Ohio House Passes Firearm Bill to Modernize Reciprocity & Concealed Carry
Editor's Note: This article was updated as information became available.
By a 59 - 28 margin, the Ohio House has passed House Bill 495, sponsored by Representative Terry Johnson (R-McDermott), which will reform Ohio concealed carry law to protect the rights of law-abiding gun owners and continue a trend toward making Ohio law similar to other states.
HB495 makes three changes to current law:
- Changes to automatically honor other states licenses, similar to a driver's license
- Eliminates the "demonstrated competency" requirement for 2nd and future CHL renewals, making CHL training similar to a hunting license
- Fixes the definition of a "loaded gun" to match the commonly accepted definition
In addition to bill sponsor Rep. Johnson, Reps. Dorothy Pelanda (R-Marysville), Danny Bubp (R-West Union), Ron Maag (R-Lebanon), and Ron Young (R-Leroy Twp.) rose in support of the bill. Rep. Johnson spoke truth to many of the wild claims made by opponents in floor testimony, and Rep. Bubp pointed out the "blood in the streets" warnings about his Restaurant Carry bill, passed in 2011, have not come to pass, just as those heard today will not.
Rep. Bob Hagan (D-Youngstown) offered one of the more embarrassing moments for opponents, opening his floor speech by saying "I too would like to talk about the Constitution - that part where it says 'the pursuit of happiness.' Perhaps we forgot about that portion of it." Of course, the God-given right to a pursuit of happiness, which Hagan apparently believes HB495 infringes upon, is enumerated in The Declaration of Independence, not the Constitution. Hagan also said "don't wave the flag at me. This has nothing to do with the Second Amendment. More guns on the street mean more people being killed," and suggested that law-abiding gun owners are to blame when criminals steal their guns and later use them in crimes.
Also rising to speak against the bill were Tom Letson (D-Warren) and Rep. Mike Foley (D-Cleveland). Foley proposed an amendment that would have excluded the State of Florida from the automatic reciprocity law. Rep. Maag rose to point out that the Attorney General has already signed a reciprocity agreement with Florida. The amendment was tabled 55-33.
Rep. Letson was also prepared to introduce an anti-gun amendment to make concealed handgun license records open to the public, but decided not to make the motion, calling it "futile." Letson went on to lecture on how the Second Amendment is apparently obsolete, claiming that "we don't have a militia anymore." Letson had another embarrassing moment on the floor, when he asked (with a straight face), "how does this create jobs?" Apparently it was sufficient enough to ask a silly rhetorical question, Letson felt the need to give a silly answer, saying that not only does it not create jobs, "it kills them."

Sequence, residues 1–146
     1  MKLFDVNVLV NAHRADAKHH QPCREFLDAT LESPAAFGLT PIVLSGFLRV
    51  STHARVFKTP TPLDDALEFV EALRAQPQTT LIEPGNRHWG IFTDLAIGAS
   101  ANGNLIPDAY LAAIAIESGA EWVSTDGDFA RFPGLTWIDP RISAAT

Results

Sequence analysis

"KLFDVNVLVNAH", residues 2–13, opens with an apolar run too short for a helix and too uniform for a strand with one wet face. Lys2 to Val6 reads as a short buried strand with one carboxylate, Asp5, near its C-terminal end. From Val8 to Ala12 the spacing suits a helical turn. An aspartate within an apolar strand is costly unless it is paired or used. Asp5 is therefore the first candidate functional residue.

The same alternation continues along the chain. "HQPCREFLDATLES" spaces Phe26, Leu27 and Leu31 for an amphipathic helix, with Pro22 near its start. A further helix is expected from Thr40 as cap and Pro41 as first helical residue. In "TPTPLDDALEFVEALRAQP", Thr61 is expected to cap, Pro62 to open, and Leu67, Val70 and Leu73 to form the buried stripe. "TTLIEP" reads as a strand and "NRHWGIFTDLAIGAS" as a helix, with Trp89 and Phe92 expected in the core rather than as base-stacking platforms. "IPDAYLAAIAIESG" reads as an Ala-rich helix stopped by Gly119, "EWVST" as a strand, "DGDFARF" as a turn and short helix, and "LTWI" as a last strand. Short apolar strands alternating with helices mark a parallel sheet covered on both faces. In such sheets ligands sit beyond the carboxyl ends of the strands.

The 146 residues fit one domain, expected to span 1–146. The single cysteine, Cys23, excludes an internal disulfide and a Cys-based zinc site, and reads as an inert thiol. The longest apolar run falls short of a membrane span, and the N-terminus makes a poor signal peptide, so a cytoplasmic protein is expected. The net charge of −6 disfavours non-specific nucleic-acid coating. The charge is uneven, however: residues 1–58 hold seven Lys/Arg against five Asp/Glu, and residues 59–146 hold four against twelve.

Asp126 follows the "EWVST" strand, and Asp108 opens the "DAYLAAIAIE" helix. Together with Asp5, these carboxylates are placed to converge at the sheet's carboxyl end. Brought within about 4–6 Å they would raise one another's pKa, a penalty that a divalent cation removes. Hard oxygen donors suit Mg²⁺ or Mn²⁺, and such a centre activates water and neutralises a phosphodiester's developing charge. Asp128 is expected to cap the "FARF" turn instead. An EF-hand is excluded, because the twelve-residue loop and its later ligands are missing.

Despite the anti-gun rhetoric, the bill passed by a significant majority, with more than twice as many representatives voting for it as voting against it.
"This important legislation addresses real problems with Ohio law," said Jim Irvine, chairman of the Buckeye Firearms Association, a grassroots gun advocacy organization. "It continues the trend to remove problems and align Ohio law with commonly understood concepts."
"I'm very pleased to see this common sense reform bill pass the House," said Rep. Johnson. "Infringing on even one of our rights granted to us by the Constitution is unacceptable. You sacrifice one, you might as well sacrifice them all. This bill takes away unnecessary laws that do nothing more than put law abiding citizens at risk of accidental felonies."
The bill will now be sent to the Senate for consideration.
Associated Press - House clears rewrite of concealed handgun licenses
Cleveland Plain Dealer - Concealed handgun license rewrite passes Ohio House
The bill -- which is supported by the National Rifle Association and the Buckeye Firearms Association -- now moves to the Ohio Senate for consideration. With state lawmakers headed home for summer break, the bill is likely to remain in the Senate until late in the year.
Columbus Dispatch - Training rule may be eased for those renewing concealed-carry permits
"This isn't ground-shaking," said Linda Walker, the central Ohio chairwoman for the Buckeye Firearms Association. "We're cleaning up legislation."
Columbus Dispatch - Ohio House gives gun-rights advocates another win
Linda Walker, central Ohio chairwoman of the Buckeye Firearms Association, basically agreed.
"Each bill on which we've run over the years eventually has passed," she said.
"We've built relationships in the Statehouse. Anyone who values the Constitution, as our forefathers wrote it, they see the flaws with Ohio's firearms laws. Our job is to restore the Second Amendment to what it was."
The string of successes began with passage of the concealed-carry law in 2006[sic], followed by laws restricting access to concealed-carry records and overriding municipal gun-control ordinances (2007); the so-called "castle doctrine" (2008), and guns in bars and restaurants (2011).
The only minor setback — and Walker doesn't consider it one — came with passage of a law banning concealed compartments in motor vehicles. Aimed at drug smugglers, the law was revised to accommodate the concerns of gun owners.
Debate on the bill begins at 183:3 on the counter.
The question recurring, "Shall the bill pass?"
The yeas and nays were taken and resulted - yeas 59, nays 28, as follows:
Those who voted in the affirmative were: Representatives
Those who voted in the negative were: Representatives